The great news is that there is enough land out there in need of regeneration for everyone to do something. All approaches have merit, adding in agroforestry and perennial cropping as well. Rich choices. Real opportunity. These are indeed exhilarating times to be alive. Capitalism’s decline is a necessary adjustment. Worry not, for we still have what came before, and that’s the natural world and each other. Traditional cultures had an ethical relationship with Nature that worked. The same can be true again. We are not at the end of a rope, as it’s so easy to think. Humanity can yet choose to turn direction. The moment has come to leap into action with glad hearts. The seeds are germinating. The fungi are willing. And we must be, too.

Perhaps the real gift of the fungi and the plants isn’t the “carbon solution” as much as it is showing us a way forward. That to cooperate is to find bounty for all involved. Fungal networking doesn’t overlook the youngest or the least in the crowd. Older stumps are provided for as well. Most telling is that of one life giving to the next. It is written (in the book of Matthew) for I was hungry and you gave me something to eat, I was thirsty and you gave me something to drink. This testament, which speaks so passionately to the human heart, goes further than our species alone. Do we have ears to hear what mycorrhizae are telling us? Do we have eyes to see what tiny critters do on behalf of the whole? Beneath our feet is the teaching and the blessing.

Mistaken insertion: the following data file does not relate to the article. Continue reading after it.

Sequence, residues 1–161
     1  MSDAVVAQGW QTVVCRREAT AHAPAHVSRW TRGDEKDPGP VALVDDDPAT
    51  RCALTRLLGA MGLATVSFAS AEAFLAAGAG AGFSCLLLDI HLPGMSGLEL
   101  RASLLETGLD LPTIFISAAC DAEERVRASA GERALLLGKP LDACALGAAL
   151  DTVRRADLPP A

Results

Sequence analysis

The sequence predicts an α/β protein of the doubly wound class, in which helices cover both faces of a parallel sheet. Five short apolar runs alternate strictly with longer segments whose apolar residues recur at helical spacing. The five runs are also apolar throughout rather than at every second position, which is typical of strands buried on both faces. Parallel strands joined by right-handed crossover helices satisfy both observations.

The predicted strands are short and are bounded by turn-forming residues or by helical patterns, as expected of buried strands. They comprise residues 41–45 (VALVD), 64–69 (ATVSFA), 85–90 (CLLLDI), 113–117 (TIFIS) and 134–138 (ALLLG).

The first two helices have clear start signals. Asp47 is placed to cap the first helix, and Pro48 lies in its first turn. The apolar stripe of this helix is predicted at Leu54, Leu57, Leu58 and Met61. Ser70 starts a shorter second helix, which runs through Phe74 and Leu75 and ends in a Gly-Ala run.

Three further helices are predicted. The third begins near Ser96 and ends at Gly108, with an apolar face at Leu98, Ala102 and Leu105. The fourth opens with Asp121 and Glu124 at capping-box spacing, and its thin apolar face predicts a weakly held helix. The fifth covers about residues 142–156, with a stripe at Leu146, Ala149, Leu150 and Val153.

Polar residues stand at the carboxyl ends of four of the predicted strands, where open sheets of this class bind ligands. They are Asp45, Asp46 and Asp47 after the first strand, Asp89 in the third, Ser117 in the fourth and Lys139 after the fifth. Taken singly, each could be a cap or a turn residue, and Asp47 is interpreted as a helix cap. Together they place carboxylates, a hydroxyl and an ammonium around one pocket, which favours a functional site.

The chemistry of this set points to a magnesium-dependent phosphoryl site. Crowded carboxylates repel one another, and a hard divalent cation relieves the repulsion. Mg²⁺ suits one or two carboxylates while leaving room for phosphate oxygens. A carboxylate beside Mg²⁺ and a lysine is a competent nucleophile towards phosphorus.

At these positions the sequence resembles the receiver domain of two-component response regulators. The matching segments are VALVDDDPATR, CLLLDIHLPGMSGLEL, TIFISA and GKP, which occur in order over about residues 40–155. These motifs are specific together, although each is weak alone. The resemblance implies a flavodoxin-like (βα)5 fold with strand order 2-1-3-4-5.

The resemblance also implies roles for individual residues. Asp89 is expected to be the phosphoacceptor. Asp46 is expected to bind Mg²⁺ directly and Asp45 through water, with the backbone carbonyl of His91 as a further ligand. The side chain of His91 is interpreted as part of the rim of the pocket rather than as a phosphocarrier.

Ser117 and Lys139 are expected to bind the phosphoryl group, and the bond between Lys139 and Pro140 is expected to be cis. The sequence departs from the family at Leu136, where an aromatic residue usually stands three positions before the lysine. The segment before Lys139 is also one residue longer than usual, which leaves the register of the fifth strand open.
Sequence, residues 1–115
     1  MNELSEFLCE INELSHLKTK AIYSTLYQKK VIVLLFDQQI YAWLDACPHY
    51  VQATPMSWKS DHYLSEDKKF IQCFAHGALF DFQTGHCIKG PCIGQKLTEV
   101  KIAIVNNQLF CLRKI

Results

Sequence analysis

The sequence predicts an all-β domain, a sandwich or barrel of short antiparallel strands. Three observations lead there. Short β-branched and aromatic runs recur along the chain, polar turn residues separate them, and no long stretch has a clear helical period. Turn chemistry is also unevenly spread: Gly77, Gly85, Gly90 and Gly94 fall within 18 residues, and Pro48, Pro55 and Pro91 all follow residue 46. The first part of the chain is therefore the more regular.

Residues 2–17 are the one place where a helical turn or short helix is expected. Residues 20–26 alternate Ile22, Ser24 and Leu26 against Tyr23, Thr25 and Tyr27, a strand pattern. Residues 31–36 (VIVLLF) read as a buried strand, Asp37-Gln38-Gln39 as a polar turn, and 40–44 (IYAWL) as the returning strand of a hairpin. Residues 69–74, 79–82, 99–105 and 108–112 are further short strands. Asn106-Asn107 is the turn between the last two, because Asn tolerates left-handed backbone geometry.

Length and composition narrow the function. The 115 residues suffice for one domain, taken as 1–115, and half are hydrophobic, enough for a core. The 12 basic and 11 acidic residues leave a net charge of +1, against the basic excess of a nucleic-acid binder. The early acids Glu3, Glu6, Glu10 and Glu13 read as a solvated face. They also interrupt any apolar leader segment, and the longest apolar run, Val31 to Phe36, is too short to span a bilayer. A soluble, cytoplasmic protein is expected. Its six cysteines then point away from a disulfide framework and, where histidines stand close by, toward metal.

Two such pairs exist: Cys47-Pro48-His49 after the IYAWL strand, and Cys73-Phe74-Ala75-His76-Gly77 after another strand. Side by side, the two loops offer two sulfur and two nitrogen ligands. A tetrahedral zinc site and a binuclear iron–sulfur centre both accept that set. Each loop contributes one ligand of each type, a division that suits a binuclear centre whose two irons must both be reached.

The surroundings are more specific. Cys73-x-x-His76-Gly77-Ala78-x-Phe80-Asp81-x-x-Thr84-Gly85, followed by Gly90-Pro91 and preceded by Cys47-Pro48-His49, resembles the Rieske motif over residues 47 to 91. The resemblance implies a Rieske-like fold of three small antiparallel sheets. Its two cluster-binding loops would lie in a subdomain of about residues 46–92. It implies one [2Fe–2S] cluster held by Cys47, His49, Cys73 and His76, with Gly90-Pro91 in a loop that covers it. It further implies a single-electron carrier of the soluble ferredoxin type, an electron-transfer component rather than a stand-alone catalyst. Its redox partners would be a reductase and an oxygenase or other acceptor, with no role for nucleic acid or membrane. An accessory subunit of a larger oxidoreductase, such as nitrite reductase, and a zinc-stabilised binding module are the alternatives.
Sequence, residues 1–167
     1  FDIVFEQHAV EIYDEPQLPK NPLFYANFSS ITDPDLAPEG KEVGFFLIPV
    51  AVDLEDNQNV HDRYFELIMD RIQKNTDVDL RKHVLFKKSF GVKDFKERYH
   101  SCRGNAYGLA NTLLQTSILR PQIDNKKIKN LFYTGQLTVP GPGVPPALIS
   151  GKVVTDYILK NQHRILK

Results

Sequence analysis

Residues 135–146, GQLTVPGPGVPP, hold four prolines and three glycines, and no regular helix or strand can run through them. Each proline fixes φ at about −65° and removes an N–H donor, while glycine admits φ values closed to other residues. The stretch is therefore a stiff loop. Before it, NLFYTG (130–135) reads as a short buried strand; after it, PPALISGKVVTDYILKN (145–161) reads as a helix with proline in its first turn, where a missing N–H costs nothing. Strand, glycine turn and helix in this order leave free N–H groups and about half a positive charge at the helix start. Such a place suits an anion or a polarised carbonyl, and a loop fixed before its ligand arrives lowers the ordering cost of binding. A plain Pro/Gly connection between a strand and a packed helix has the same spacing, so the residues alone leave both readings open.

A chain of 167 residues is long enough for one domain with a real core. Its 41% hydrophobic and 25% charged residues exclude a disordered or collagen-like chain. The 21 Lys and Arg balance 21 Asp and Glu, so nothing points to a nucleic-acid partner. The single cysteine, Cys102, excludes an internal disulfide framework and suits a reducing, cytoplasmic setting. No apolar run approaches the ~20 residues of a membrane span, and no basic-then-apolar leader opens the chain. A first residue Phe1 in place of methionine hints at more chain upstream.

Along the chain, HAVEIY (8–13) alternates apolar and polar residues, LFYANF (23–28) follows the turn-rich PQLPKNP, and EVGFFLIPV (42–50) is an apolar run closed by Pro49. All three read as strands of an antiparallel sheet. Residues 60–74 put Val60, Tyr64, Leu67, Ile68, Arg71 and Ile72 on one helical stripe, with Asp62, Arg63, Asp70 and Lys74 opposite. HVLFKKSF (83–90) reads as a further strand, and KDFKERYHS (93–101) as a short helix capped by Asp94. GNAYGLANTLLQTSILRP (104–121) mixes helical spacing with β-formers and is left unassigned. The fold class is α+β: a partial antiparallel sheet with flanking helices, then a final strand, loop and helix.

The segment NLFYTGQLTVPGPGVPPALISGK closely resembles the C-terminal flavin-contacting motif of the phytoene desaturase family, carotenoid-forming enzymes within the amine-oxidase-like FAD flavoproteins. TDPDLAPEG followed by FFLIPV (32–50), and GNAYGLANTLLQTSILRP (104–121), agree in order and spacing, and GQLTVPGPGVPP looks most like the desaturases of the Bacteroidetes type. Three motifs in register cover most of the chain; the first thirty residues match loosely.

My take on “a future and a hope” lies in tangible things my family and I can do on land we love. Each of us must embrace the good life and return to simpler ways. This connection to being, to the land, and to each other is to be celebrated. Rejoicing in this creation keeps us willing. Right now, as I write these very words, the birds are singing to greet the new day. The morning sky has begun to shimmer with all the possibility life offers anew at every turn. Ecological restoration begins when we honor the fungal component of the soil. We can do this. Generations to come need us to act now.

Nature does what needs to be done if we let her. Many people will step up to the task once provided with accurate facts and inspired by possibility. It really comes down to two simple concepts to take forward. One: Promote healthy plant metabolism as the guiding paradigm in growing anything. And two: Think and think again about ways to least disturb the soil ecosystem. Our overarching goal needs to be to amplify mycelial connection everywhere.

The fungi and the plants will sing this soil redemption song for us. As the fungi and the plants always have.






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Mycorrhizal Planet

How Symbiotic Fungi Work with Roots to Support Plant Health and Build Soil Fertility